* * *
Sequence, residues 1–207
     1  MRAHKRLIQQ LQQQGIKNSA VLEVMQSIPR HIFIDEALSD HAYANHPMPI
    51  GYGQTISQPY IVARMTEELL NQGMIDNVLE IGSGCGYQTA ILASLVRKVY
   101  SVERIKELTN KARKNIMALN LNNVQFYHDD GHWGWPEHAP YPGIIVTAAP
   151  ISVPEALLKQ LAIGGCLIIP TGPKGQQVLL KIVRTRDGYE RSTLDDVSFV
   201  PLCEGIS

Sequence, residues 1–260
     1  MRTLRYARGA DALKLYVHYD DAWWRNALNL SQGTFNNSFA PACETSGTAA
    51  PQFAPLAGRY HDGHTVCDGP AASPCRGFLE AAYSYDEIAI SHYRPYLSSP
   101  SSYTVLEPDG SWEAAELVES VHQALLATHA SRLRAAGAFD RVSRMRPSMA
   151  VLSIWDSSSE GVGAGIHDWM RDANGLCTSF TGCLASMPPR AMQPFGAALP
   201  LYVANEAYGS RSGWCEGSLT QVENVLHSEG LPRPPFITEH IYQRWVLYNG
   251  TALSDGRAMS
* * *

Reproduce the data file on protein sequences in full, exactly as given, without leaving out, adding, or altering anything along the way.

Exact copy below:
Sequence, residues 1–207
     1  MRAHKRLIQQ LQQQGIKNSA VLEVMQSIPR HIFIDEALSD HAYANHPMPI
    51  GYGQTISQPY IVARMTEELL NQGMIDNVLE IGSGCGYQTA ILASLVRKVY
   101  SVERIKELTN KARKNIMALN LNNVQFYHDD GHWGWPEHAP YPGIIVTAAP
   151  ISVPEALLKQ LAIGGCLIIP TGPKGQQVLL KIVRTRDGYE RSTLDDVSFV
   201  PLCEGIS

Sequence, residues 1–260
     1  MRTLRYARGA DALKLYVHYD DAWWRNALNL SQGTFNNSFA PACETSGTAA
    51  PQFAPLAGRY HDGHTVCDGP AASPCRGFLE AAYSYDEIAI SHYRPYLSSP
   101  SSYTVLEPDG SWEAAELVES VHQALLATHA SRLRAAGAFD RVSRMRPSMA
   151  VLSIWDSSSE GVGAGIHDWM RDANGLCTSF TGCLASMPPR AMQPFGAALP
   201  LYVANEAYGS RSGWCEGSLT QVENVLHSEG LPRPPFITEH IYQRWVLYNG
   251  TALSDGRAMS